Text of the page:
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An article from Anna MacDonald for Technology Networks - Limitations of current planar, static cell culture systems or animal models result in the high drug failure rates seen in clinical trials, a limitation that can cost pharmaceutical companies billions of dollars. In addition, many human diseases are still unable to be accurately modelled in vitro, limiting understanding and therapy development. These issues highlight the urgent need for more physiologically relevant models of human organs, and have fuelled the development of organs-on-chips.

As Geraldine Hamilton describes, organs-on-chips are functional microchips housing living cells, built using techniques from the computer chip manufacturing industry, which can mimic processes in the body such as peristalsis, breathing, and infection.

Currently a niche market of no more than $7.5M in 2016, the organ-on-a-chip field is estimated to see rapid growth reaching $60-$117M by 2022 (2017 edition - Yole Développement). Perhaps the most promising application of these models is the role they could play in drug discovery and development.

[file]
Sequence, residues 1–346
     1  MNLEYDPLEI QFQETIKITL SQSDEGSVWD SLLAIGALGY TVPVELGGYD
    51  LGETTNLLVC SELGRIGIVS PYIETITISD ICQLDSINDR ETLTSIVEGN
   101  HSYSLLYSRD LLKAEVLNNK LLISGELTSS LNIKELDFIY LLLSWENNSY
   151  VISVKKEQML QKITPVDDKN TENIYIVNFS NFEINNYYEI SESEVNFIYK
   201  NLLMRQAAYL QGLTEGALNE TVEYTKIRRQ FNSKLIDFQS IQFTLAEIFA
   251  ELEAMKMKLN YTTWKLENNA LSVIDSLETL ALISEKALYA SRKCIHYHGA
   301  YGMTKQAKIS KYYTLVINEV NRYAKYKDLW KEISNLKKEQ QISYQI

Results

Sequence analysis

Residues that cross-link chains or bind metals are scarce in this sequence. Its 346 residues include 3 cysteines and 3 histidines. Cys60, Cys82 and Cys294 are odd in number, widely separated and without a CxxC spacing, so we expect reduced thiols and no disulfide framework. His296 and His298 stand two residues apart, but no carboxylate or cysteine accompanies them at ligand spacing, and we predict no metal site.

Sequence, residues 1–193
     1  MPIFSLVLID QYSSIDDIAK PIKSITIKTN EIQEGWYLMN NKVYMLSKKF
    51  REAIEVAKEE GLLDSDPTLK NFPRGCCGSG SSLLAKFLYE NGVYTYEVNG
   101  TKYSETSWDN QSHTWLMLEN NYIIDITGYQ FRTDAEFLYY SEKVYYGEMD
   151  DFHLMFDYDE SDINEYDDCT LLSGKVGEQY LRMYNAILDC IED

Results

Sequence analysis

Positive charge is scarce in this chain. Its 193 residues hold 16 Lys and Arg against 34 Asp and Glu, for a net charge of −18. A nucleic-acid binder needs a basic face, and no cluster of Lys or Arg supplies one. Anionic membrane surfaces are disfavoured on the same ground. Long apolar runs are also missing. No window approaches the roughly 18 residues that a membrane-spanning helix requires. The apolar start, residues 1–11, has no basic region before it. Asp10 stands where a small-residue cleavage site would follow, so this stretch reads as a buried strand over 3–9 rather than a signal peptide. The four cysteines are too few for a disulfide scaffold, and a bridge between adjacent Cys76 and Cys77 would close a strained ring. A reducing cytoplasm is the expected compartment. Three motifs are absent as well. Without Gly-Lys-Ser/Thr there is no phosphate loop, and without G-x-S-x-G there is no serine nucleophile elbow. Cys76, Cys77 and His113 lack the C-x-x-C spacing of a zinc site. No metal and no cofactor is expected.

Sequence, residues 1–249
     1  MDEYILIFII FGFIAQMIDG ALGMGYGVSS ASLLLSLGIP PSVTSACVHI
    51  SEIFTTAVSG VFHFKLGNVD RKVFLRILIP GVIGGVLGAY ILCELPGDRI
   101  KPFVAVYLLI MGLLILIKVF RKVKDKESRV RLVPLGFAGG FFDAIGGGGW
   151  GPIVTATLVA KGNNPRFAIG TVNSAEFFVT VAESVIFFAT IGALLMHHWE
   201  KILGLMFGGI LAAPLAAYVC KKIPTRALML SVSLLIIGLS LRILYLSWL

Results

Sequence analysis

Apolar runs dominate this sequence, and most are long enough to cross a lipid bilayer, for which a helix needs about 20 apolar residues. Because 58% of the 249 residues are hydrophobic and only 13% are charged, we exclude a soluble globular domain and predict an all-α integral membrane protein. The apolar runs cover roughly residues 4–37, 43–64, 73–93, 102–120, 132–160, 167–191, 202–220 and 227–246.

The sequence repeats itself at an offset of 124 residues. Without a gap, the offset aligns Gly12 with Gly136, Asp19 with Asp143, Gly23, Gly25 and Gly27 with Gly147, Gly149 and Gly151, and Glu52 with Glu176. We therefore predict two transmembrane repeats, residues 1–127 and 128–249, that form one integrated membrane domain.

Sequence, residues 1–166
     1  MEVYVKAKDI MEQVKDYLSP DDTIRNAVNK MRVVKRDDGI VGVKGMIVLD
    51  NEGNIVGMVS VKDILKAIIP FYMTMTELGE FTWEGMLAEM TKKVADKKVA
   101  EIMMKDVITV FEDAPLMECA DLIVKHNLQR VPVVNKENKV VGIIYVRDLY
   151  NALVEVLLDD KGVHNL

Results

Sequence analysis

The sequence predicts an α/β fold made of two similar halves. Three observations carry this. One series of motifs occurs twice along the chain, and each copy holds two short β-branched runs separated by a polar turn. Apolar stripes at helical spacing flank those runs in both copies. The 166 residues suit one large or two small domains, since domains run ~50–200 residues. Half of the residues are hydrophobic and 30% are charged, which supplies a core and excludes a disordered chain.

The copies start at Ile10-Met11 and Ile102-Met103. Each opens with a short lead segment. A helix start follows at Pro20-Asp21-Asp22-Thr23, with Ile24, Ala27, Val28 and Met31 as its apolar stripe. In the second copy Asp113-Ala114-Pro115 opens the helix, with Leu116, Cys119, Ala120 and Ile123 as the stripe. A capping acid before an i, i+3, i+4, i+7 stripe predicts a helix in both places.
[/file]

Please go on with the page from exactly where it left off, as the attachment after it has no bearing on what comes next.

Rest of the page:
To enable the development of this area, NCATS’ Tissue Chip for Drug Screening Initiative  launched in 2012 and aims to improve the drug discovery process by developing human tissue chips that provide more accurate representations of human organs. The hope is that these models will lead to more accurate detection of toxicity or efficacy problems and reduce the amount of drugs failing in human clinical trials... Full article



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